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    Jenn Lena

    April 29, 2014 at 1:24 am

  2. Thank you for interesting paper. I find interesting – and questionable – that an artist must have been formally educated as such. I guess it is part of the on-going “professionalization”. Along this line I Wonder if it make a difference where one has been educated, i.e. status of the school.

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    Tatiana Fumasoli

    April 29, 2014 at 3:57 am

  3. What proportion of the “dissonance” group have multiple jobs? Does the questionnaire differentiates between primary and secondary jobs, and if so, what proportion of the dissonance group say their *primary* jobs are as musicians/artists/dancers? How is the question about jobs or work worded?

    What I’m getting at is that a regular gig as the weekend pianist at Nordstrom’s may mean that you have paid work as an artist and, technically, you are a professional artist. But, you may not consider yourself a “real” artist unless that’s the activity that pay the bills. In other words, the issue is the definition and interpretation of “work” or “professional [adj.]”, not the definition of “artist”.

    Tatiana: judging from the name, the survey is of graduates of art school. This doesn’t mean that the authors of the paper think that all artists have degrees. It just means that they don’t have any information about artists who don’t have art degrees. It’s a limitation, but not an unusual one for studies about small populations (relative to the adult population).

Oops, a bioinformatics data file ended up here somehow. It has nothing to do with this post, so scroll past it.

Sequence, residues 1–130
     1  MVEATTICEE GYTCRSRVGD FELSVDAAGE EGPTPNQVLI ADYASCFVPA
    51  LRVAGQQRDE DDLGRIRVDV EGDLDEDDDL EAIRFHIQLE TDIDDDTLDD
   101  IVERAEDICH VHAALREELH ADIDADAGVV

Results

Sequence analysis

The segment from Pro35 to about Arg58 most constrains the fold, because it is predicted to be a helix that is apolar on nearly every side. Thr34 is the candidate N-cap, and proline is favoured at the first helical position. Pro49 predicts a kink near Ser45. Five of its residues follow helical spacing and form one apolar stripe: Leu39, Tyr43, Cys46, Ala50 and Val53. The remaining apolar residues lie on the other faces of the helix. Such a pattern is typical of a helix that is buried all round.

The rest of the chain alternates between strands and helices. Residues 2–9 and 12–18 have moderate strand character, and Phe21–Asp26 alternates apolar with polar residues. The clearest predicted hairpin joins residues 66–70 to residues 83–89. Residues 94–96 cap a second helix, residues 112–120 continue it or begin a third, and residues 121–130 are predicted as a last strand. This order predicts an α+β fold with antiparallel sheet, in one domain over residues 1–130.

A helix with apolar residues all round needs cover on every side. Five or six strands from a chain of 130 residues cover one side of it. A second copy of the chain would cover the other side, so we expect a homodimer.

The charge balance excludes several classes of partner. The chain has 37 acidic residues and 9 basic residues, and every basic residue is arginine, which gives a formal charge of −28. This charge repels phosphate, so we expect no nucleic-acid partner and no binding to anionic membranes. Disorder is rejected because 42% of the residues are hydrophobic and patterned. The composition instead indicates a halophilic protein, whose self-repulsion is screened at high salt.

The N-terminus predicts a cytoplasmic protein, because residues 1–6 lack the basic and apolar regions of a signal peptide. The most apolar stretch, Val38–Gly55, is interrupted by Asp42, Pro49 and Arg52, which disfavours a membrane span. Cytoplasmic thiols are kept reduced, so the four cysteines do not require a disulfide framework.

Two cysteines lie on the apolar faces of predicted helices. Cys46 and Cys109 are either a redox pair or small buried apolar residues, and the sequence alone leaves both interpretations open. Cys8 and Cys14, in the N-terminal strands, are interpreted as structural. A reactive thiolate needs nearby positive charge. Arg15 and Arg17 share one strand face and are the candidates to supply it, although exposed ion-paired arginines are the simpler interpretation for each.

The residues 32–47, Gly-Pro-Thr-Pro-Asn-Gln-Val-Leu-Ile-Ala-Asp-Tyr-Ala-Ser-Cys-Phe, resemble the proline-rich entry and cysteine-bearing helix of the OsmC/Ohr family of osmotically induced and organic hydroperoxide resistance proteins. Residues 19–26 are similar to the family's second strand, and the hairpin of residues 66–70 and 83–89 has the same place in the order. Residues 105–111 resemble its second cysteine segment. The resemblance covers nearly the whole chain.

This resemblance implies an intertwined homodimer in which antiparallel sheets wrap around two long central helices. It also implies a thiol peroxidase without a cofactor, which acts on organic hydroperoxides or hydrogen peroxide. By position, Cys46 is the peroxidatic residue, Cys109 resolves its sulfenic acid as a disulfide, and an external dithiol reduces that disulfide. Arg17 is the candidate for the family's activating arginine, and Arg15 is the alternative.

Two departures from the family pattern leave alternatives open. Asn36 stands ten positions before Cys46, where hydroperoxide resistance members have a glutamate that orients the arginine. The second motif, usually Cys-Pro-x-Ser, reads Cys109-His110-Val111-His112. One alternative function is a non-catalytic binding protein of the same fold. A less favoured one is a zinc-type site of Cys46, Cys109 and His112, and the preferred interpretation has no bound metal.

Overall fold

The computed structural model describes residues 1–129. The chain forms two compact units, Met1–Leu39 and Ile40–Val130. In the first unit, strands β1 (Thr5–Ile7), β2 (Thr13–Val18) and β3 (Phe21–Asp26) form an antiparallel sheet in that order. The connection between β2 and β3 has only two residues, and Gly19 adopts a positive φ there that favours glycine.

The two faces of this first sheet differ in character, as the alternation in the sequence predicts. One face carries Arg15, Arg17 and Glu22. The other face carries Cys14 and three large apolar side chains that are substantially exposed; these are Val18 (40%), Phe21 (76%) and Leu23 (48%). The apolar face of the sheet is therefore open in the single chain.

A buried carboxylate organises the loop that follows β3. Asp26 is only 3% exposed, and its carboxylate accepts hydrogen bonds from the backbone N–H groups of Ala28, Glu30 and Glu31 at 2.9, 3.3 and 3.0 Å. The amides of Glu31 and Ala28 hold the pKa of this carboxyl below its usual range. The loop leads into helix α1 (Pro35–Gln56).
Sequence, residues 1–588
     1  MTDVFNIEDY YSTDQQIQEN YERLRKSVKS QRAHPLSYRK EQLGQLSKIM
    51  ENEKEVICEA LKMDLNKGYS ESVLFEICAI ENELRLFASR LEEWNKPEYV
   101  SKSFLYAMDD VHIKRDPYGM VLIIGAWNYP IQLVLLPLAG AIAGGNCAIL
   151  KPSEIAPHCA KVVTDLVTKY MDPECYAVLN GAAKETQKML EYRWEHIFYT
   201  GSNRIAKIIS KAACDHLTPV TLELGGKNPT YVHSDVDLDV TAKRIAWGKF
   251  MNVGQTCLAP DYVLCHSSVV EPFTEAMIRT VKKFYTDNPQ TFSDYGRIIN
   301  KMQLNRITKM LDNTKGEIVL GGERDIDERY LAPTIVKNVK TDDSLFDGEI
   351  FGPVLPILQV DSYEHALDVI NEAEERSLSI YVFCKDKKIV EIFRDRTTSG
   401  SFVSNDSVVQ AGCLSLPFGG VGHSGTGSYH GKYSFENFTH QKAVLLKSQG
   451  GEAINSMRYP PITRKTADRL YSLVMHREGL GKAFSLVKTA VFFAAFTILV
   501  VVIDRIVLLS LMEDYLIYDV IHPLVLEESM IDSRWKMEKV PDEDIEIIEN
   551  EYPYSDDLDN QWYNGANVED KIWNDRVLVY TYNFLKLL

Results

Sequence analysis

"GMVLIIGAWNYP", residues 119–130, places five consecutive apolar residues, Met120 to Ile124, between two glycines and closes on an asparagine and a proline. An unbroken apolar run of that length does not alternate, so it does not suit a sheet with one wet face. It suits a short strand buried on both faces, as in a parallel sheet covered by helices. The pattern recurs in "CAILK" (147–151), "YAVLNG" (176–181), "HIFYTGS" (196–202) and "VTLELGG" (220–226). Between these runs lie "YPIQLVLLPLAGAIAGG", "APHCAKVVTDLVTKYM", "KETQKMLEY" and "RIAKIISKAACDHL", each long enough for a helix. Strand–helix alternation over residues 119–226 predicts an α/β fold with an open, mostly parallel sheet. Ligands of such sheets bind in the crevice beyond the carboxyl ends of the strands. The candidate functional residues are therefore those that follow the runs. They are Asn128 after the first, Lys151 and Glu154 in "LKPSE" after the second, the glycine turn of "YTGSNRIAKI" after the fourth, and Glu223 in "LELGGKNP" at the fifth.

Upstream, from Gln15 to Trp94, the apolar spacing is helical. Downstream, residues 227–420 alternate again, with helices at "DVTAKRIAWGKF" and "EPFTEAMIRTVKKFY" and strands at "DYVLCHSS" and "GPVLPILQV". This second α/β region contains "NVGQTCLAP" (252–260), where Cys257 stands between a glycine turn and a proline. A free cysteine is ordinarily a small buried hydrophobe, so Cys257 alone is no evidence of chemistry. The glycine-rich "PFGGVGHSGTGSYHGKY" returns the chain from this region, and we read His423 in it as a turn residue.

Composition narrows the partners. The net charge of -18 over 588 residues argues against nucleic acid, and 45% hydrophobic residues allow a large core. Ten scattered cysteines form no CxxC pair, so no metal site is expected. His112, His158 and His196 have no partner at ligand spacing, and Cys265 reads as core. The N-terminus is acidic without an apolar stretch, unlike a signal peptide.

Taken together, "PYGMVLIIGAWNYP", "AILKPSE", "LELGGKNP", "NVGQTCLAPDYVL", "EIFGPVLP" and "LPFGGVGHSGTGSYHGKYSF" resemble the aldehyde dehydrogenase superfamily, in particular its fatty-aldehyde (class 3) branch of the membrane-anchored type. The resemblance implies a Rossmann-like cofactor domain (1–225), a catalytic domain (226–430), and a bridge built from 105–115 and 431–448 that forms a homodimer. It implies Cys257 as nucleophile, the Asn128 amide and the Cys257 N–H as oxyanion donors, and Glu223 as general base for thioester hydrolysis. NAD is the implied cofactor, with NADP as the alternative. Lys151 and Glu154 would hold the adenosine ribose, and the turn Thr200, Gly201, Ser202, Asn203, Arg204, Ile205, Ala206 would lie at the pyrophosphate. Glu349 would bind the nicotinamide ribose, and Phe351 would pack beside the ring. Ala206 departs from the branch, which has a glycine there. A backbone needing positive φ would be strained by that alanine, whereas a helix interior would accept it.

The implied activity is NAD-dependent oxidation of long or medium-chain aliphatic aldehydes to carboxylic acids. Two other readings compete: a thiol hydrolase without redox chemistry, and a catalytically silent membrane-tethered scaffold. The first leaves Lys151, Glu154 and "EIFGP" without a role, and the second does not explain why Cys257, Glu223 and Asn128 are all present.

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    krippendorf

    April 29, 2014 at 5:02 am

  4. I still believe the definition of artist is one of the issues here. When it comes to Identity, you may well think you are an artist – and you do “art stuff/activities” – even though you do not earn enough and need another job. this has also some historical meaning Attached (i.e. being an artist was not considered a real/serious/profitable profession and bohemian life was related to it). In this sense the article focuses on one set of the artist population (and that’s fine of course) The emergence of the Professional artist as a formally educated, trained person getting paid in some kind of standardized way reflects the creation of a labor market and the growing importance of the organizational setting. finally it resonates With the on-going rationalization of work in theatres, opera houses etc., where it has become even more important to hire “certified” artists.

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    Tatiana Fumasoli

    April 29, 2014 at 7:25 am

  5. @Tatiana Fumasoli: As krippendorf wrote, our survey includes graduates of arts programs; we know this is just a portion of the population who work as/think of themselves as artists. You might be interested in the front pages of the article, where we review several approaches to measuring the populations of artists, including both self-perception and social capital (both of which are referenced in your comment).

    @krippendorf: You can find a ton of information about our survey (including the questionnaire) at the website: http://snaap.indiana.edu/. The language of both the “professional artist” and work questions are also included in our paper. As we reported there, and as I mentioned in my first comment, people who work primarily outside of the arts are more likely to fall into the dissonance group, yes.

    And that leads me to a correction in my first comment: I shouldn’t have written “These were the traits that correlated with being in the dissonance group.”–that’s incomplete. If you look at the results, you’ll see that if you did not have a parent who was an artist, if you work primarily outside of the arts, and if you took an arts course within a liberal arts or research institution, or general education high school, you are more likely to fall into the dissonance group. Blerg. I know that’s a little twisted, but it’s leave it as-is or miss a deadline.